Market Logic

What’s wrong with this?

Posted in behavioral econ, economics, microeconomics by mktlogic on September 6, 2010

Cost benefit analysis takes market prices as accurate indicators of how much different things are valued.  This is only a valid assumption about market price in the case where it is also assumed that people behave rationally.  If people are behaving rationally, then they are already behaving in the way which is best for their welfare.  So, there can be no argument based on cost benefit analysis to the conclusion that people should change their behavior in order to make themselves better off.

This “feels wrong” but I can’t say why.

My first reaction would be to name a counterexample like the tragedy of the commons.  If multiple parties are fishing in the same pond, no one has any incentive to leave fish behind to breed because the others will just take those fish.  So I might claim, on the basis of a cost vs benefit argument that the fishers using the pond should come up with a new arrangement like a collectively enforced quota.  Another option would be an auction where the winner buys the pond and the the winning bid is distributed equally to all of the other people who fish in that pond.  Then the winner could rent out fishing rights to the others, so there would be no major disruption.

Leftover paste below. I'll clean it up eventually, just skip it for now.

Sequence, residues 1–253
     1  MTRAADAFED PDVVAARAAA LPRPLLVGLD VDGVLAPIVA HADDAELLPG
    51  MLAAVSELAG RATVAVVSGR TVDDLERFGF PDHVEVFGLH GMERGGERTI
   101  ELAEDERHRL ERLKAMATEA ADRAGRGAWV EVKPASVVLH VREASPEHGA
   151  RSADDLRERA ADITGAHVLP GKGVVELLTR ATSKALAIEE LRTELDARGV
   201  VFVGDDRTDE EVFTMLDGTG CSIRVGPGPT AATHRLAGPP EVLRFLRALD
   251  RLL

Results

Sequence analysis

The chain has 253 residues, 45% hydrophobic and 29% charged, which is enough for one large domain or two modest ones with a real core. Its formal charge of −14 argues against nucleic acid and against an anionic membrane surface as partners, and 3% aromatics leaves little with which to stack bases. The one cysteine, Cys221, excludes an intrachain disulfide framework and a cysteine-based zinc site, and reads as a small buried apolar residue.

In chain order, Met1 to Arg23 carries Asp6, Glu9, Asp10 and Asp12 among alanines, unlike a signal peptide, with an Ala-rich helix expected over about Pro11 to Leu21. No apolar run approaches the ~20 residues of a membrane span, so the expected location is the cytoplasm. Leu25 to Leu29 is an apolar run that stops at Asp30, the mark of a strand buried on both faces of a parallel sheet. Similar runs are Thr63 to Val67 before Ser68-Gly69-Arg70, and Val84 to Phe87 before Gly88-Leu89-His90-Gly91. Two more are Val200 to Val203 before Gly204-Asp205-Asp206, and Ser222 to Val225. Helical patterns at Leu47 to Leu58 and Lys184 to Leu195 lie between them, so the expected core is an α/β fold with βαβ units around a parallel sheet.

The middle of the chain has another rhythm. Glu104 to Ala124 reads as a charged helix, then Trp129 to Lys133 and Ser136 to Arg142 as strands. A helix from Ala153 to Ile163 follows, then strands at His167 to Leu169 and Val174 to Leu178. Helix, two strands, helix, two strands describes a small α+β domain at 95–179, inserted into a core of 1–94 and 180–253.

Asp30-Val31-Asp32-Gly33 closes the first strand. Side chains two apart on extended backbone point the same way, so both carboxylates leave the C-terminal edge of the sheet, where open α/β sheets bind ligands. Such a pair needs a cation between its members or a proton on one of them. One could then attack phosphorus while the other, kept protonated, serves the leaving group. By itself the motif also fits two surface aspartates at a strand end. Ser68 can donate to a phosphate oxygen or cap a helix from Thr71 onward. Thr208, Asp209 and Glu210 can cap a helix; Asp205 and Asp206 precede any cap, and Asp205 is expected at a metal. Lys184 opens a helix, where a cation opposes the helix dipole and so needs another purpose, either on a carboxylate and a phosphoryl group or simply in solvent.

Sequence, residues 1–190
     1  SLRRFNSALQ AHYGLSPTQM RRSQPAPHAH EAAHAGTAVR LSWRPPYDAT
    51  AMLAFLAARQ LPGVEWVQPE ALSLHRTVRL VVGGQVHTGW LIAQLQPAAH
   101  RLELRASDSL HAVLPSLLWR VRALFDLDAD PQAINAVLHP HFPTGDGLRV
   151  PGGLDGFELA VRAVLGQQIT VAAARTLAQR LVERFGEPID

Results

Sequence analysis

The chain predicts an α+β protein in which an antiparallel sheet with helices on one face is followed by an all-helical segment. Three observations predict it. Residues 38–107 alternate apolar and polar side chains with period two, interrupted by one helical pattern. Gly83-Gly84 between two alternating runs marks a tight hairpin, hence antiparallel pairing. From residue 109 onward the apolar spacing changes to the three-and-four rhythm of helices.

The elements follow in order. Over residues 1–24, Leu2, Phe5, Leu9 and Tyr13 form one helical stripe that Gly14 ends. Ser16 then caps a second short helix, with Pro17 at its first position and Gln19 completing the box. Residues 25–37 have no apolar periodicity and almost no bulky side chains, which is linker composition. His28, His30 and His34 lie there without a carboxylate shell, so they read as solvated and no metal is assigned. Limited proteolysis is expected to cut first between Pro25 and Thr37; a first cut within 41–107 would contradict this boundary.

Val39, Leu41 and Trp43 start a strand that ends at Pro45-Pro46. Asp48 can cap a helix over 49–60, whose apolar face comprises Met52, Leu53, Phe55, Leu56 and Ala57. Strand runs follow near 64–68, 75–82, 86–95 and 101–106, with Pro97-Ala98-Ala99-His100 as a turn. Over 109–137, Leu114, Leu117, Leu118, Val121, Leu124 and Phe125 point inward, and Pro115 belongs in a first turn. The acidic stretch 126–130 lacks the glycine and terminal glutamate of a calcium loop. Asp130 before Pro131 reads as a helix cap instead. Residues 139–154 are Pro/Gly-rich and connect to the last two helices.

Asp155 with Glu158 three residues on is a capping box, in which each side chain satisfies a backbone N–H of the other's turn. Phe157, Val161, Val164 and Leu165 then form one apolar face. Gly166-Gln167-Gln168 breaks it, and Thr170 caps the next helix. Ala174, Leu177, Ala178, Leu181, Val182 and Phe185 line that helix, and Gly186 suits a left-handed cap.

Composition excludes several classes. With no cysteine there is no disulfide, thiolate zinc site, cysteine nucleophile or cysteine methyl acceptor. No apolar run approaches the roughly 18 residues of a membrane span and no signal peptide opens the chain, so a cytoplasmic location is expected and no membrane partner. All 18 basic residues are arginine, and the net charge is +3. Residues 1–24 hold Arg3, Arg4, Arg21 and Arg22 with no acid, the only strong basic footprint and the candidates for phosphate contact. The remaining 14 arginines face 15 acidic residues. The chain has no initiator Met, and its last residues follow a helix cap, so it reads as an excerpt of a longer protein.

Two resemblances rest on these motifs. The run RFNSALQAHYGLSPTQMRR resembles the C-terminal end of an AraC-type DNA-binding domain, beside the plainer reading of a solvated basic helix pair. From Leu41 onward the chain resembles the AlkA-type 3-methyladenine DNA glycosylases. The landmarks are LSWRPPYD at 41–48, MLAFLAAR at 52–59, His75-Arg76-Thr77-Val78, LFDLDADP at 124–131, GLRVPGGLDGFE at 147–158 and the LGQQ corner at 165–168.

But this is no counterexample.  Why?  Because we have to make some assumption about the rationality of the fishers.  If we assume that the fishers are not rational, then the costs of setting up an auction or a quota don’t properly reflect the value of the resources that would be used in setting up the auction or quota system.  Maybe it would still be a good idea but the results of any sort of cost/benefit analysis would be unreliable because the inputs to that analysis would be suspect.  On the other hand, if we assume that the fishers are rational, then the fact that they have not already implemented some solution to the commons problem indicates that the actual benefits of a new arrangement are not enough to overcome the actual costs.